Beth discusses:

  • The social conditions in England
  • The social construct that gave rise the culture of indenture
  • Who was indentured? (male, female, young, rural)
  • The two types of indenture. (self and spiriting (kidnapping)
  • What life was like once in service in America.  The length of term and life thereafter.
  • The social conditions that gave rise to the shipping of convicts to America (this was before Australia became a penal colony)
  • The black market business of shipping convicts to America.  Who did this and why? How was it done?
  • The Transportation Act of 1718 and the attempt to regulate this business.
  • What life was like on board the ship.
  • What the selling or auction process was like.
  • What life was like in America as a "transported convict"
  • Who was transported (not all convicts)
  • Records 

1718: The Transportation Act is passed, which included:

1.    Who could be shipped

2.    Surgeon must be on board

3.    Dictated the number of convicts that could be on board

Bondage (aka Convict in England)


Question:  Where can the genealogist look to identify if their ancestor was indentured or in bondage? 

Answer:  The Old Bailey Online – London’s Central Criminal Court 1674 - 1913


Full transcripts of every court hearing during this time period

From the website: “The Proceedings of the Old Bailey, 1674-1913
A fully searchable edition of the largest body of texts detailing the lives of non-elite people ever published, containing 197,745 criminal trials held at London's central criminal court. If you are new to this site, you may find the Getting Started and Guide to Searching videos and tutorials helpful.”

Also look for:

  • Runaway records
  • Newspapers of the time. Books of transcripts and abstracts of runaway notices (These could include a physical description)

The pre-eminent authority: Author Peter Wilson Coldham
Books in Amazon 

Other possible records for Indentured:

  • Contract (very rare)
  • Land Records
  • Probate
  • Deed
  • Church (references to “Servant”)

Other possible records for Convicts:

Census (if your ancestor is the only one with that last name in the area,that could be a clue they were a convict)

There were also Political Prisoners. Look for Diary or Transcripts

Visit Beth’s website:
Go to “Indentured and Convicts” blog posts
Email Beth at

SONG: The Death of Wolfe

(Song used with permissions from Archiving Early America website)

Explore their early America music section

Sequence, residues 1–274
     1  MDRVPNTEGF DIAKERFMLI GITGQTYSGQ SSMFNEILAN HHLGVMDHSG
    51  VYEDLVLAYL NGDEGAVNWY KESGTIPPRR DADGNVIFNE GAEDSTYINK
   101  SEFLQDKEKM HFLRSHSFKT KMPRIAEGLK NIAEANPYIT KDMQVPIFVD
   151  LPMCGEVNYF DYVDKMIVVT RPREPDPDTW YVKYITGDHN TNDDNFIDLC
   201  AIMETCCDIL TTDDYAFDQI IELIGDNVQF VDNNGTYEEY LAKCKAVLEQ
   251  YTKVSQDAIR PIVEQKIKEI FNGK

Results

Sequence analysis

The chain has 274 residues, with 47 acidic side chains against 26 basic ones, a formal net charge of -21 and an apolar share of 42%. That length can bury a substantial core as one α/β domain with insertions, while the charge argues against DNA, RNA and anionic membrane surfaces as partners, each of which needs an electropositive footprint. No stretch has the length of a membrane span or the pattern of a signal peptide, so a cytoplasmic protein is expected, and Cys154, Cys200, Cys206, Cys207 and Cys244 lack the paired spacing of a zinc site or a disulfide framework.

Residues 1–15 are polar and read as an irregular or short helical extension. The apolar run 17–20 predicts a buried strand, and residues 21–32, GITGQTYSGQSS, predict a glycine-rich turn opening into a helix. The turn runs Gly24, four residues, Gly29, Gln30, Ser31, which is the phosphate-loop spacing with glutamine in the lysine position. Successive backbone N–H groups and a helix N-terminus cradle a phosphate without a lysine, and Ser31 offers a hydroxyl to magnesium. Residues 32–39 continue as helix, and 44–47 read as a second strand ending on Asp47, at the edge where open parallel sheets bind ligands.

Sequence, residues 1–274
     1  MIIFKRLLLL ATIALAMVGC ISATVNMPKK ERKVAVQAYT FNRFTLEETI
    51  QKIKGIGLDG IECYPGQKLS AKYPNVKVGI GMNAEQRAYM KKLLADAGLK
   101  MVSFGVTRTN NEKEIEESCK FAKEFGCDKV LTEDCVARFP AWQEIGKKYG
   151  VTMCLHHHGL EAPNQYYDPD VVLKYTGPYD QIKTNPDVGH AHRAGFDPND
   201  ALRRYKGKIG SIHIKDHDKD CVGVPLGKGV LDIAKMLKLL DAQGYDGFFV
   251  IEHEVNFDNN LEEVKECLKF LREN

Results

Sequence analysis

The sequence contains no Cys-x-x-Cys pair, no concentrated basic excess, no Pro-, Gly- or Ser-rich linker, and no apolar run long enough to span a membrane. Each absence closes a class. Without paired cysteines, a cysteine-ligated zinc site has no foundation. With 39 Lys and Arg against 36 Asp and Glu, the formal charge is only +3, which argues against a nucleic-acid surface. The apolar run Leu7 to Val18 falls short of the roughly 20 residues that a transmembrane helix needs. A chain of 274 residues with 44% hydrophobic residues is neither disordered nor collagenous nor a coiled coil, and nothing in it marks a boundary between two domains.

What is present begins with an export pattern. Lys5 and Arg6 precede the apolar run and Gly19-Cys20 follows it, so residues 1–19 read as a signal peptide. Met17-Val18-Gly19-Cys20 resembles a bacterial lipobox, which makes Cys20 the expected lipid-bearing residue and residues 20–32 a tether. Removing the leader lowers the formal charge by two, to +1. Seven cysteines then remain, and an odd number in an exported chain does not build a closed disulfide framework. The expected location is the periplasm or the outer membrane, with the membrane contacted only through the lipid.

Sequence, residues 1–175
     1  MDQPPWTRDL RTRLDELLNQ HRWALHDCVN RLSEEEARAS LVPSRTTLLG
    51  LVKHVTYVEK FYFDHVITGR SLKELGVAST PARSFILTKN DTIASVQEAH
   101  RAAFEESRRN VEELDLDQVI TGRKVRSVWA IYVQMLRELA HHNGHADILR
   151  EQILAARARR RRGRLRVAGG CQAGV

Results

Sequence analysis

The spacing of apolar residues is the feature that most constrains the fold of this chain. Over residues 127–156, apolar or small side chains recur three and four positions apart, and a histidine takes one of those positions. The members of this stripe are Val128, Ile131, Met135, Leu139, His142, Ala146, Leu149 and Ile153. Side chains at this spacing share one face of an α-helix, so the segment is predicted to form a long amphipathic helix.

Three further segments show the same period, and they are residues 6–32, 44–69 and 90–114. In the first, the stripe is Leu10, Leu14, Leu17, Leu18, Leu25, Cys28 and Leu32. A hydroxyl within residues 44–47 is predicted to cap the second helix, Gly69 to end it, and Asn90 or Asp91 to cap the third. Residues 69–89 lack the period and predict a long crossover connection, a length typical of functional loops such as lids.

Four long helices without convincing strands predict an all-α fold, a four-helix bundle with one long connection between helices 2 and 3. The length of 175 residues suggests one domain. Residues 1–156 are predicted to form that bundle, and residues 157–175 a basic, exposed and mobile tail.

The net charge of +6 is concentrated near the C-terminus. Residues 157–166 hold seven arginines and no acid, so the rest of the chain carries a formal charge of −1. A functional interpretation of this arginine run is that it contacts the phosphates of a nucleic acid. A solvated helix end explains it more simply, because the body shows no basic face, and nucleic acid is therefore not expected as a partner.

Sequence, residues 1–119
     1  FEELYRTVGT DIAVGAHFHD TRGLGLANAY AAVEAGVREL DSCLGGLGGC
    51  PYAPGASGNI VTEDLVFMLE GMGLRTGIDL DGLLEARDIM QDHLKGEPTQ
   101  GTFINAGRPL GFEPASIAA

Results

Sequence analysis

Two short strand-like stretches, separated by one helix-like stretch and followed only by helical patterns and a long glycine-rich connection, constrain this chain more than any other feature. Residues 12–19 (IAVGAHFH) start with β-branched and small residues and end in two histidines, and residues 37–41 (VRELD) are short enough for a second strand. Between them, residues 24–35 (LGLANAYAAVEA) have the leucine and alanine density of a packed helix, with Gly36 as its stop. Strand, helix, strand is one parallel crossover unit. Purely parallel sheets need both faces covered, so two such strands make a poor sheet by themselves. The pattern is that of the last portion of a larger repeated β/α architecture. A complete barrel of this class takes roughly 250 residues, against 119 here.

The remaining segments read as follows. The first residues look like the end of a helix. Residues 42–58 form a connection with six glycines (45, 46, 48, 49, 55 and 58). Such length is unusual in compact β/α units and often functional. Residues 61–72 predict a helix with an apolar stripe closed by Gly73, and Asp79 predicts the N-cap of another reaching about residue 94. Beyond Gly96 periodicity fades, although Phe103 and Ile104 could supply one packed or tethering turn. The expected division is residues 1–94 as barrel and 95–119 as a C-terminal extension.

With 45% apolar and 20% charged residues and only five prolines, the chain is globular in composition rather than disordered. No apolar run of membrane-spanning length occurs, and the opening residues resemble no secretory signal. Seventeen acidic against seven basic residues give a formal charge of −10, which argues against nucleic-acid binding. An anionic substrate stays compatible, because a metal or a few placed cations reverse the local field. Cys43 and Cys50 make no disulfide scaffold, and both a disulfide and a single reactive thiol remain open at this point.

Come all ye young men all, let this delight you,
Cheer up ye, young men all, let nothing fright you,
Never let your courage fail when you're brought to trial,
Nor let your fancy move at the first denial.

So then this gallant youth did cross the ocean,
To free America from her invasion,
He landed at Quebec with all his party,
The city to attack, being brave and hearty.

The French drew up their men, for death prepared.
In one another's face the armies stared,
While Wolfe and Montcalm together walked,
Between their armies they like brothers talked.

Each man then took his past at their retire.
So then these numerous hosts began to fire,
The cannon on each side did roar like thunder,
And youths in all their pride were torn asunder.

The drums did loudly beat, colors were flying,
The purple gore did stream and men lay dying,
When shot off from his horse fell this brave hero,
And we lament his loss in weeds of sorrow.

The French began to break, their ranks were flying,
Wolfe seemed to revive while he lay dying,
He lifted up his head as his drums did rattle,
And to his army said, How goes the battle?

His aide-de-camp replied, Tis in our favor,
Quebec, with all her pride, nothing can save her,
She falls into our hands with all her treasure,
Oh then, brave Wolfe replied, I die with pleasure.

Watch the video: Music in a Colonial Williamsburg Tavern
By the Colonial Williamsburg YouTube channel

For more inspiration and information search “Colonial Genealogy” at YouTube.


CLOSING: Why You Do Genealogy
In the Feb newsletter I shared a video where I explain why I do family history, and asked all of you to share what motivates you on the Genealogy Gems Podcast Facebook page. Here’s what some of you had to say:

Paul wrote: "To start with my Aunt gave me 2,000+ names when I was baptized as she knew the Church members do a lot of genealogy. Many of the stories I found were interesting. But I also got to know my father who was killed about 7 months before I was born."

Tim wrote: "Just the whole destiny thing. When I go back several generations, I wonder what IF he had never married her, what IF she had not moved to this town, met her husband, what IF they had stopped having kids just before my gggrandfather was born...etc. I am who I am and where I am because of decisions that were made long ago. Just kind of cool."

Margaret: "Really nice video. I pursue my family history because I want to take myself back to THEIR time, find out what their lives were like, follow their journeys, trials, tribulations and day-to-day lives. Through census records, city directories and Sanborn maps I discovered my 2nd great grandpa lived around the corner from an ice-cream store in Savannah, with a dairy right behind it! How cool is that!"

Peter: "I do research because I want to know who my family is, where they came from and what they did. After a 20 year search to solve one of my family line missing links I solved it and yelled whoo who, it felt so rewarding." 

Margaret: "My mom had always described herself as a Heinz 57. I'm much more curious about just what/who had contributed to who I am. Having roots that reach into ancestors from Germany, England, Mexico and Spain by ways of RI, IN, TX and California make for interesting research!"